The Finnish government responded on Wednesday to an interpellation tabled by the opposition Finns Party and two members of a Left Alliance parliamentary splinter group.
Prime Minister Jyrki Katainen and Finance Minister Jutta Urpilainen struck back forcefully against criticism from the Finns Party, asking its MPs to spell out a credible alternative to supporting Spain.
The interpellation sought to clarify the government’s position on a number of key issues arising from the ongoing eurozone economic crisis.
The questions for which the opposition sought answers include:
- whether or not the government accepts the bailout of Spanish banks by Finnish taxpayers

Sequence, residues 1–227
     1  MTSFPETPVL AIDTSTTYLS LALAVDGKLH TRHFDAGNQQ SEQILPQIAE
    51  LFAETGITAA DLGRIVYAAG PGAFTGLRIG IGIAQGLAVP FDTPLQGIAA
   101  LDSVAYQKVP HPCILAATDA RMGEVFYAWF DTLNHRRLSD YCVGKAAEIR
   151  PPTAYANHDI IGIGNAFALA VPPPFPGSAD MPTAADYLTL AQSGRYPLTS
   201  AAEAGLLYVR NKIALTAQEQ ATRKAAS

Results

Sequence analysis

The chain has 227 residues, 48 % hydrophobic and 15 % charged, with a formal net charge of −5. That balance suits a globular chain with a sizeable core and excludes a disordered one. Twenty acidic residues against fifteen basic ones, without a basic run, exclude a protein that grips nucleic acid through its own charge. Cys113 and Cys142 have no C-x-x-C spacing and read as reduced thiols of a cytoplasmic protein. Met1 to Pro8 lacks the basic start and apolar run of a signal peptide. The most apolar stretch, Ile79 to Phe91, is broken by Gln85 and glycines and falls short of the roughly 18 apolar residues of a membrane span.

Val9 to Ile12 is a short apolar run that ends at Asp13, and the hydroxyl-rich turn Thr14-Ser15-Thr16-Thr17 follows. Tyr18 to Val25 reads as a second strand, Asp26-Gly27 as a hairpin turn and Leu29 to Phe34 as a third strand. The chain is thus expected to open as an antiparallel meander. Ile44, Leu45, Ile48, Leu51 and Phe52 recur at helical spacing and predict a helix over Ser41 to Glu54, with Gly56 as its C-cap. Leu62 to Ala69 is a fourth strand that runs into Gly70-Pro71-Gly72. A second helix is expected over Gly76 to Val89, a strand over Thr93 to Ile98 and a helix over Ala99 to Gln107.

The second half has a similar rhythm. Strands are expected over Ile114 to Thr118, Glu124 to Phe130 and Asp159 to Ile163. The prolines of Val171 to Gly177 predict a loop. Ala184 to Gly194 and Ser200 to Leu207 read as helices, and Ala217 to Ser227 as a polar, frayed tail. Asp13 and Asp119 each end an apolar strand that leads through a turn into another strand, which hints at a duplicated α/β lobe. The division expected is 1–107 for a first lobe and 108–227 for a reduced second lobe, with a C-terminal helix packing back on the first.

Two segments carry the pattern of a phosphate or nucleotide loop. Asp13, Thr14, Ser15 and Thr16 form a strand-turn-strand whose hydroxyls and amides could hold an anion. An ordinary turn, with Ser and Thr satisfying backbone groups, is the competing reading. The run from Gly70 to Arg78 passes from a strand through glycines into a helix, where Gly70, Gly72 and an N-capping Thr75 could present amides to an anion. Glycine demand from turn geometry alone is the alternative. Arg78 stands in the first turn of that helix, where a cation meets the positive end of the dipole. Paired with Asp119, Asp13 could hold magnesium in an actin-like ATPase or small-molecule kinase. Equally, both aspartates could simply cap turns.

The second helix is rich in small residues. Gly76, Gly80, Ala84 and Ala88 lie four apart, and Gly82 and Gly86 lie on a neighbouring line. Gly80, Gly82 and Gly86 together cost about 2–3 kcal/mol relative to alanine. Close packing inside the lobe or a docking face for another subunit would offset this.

- whether or not the government accepts the use of the permanent European Stability Mechanism (ESM) and the temporary European Financial Stability Facility (EFSF) for bailing out Spanish banks
- whether or not the government has prepared for the possible disintegration of the euro union
- and whether or not the government is exploring alternative monetary policy options such as those adopted by Sweden, Denmark, Britain or Switzerland
The interpellation was signed by Finns Party chair Timo Soini and 38 other parliamentarians, but does not include signatures from the other main opposition party, the Centre Party.
However Soini has called on the Centre Party to join the other opposition groups in voting against the government in a confidence motion on Thursday.
The Finns Party chair has previously emphasised that the interpellation was tabled to facilitate discussion by the entire legislature of Finland’s position on the euro crisis before a major EU summit scheduled for the end of June.